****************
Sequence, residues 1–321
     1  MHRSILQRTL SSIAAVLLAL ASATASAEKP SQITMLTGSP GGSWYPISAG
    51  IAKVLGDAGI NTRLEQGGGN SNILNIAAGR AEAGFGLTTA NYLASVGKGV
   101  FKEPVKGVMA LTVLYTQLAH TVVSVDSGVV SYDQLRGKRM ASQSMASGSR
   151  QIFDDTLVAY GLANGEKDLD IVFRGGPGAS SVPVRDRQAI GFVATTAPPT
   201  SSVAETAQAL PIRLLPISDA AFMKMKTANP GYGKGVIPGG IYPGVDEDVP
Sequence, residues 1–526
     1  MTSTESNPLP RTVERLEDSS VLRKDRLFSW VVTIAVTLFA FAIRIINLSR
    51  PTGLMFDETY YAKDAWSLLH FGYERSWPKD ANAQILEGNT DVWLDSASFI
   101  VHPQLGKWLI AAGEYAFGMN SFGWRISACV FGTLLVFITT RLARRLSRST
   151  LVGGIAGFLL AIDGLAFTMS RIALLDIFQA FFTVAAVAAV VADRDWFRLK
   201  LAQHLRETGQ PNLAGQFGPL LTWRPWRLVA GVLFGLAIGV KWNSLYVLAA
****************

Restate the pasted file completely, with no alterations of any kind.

Sequence, residues 1–321
     1  MHRSILQRTL SSIAAVLLAL ASATASAEKP SQITMLTGSP GGSWYPISAG
    51  IAKVLGDAGI NTRLEQGGGN SNILNIAAGR AEAGFGLTTA NYLASVGKGV
   101  FKEPVKGVMA LTVLYTQLAH TVVSVDSGVV SYDQLRGKRM ASQSMASGSR
   151  QIFDDTLVAY GLANGEKDLD IVFRGGPGAS SVPVRDRQAI GFVATTAPPT
   201  SSVAETAQAL PIRLLPISDA AFMKMKTANP GYGKGVIPGG IYPGVDEDVP
Sequence, residues 1–526
     1  MTSTESNPLP RTVERLEDSS VLRKDRLFSW VVTIAVTLFA FAIRIINLSR
    51  PTGLMFDETY YAKDAWSLLH FGYERSWPKD ANAQILEGNT DVWLDSASFI
   101  VHPQLGKWLI AAGEYAFGMN SFGWRISACV FGTLLVFITT RLARRLSRST
   151  LVGGIAGFLL AIDGLAFTMS RIALLDIFQA FFTVAAVAAV VADRDWFRLK
   201  LAQHLRETGQ PNLAGQFGPL LTWRPWRLVA GVLFGLAIGV KWNSLYVLAA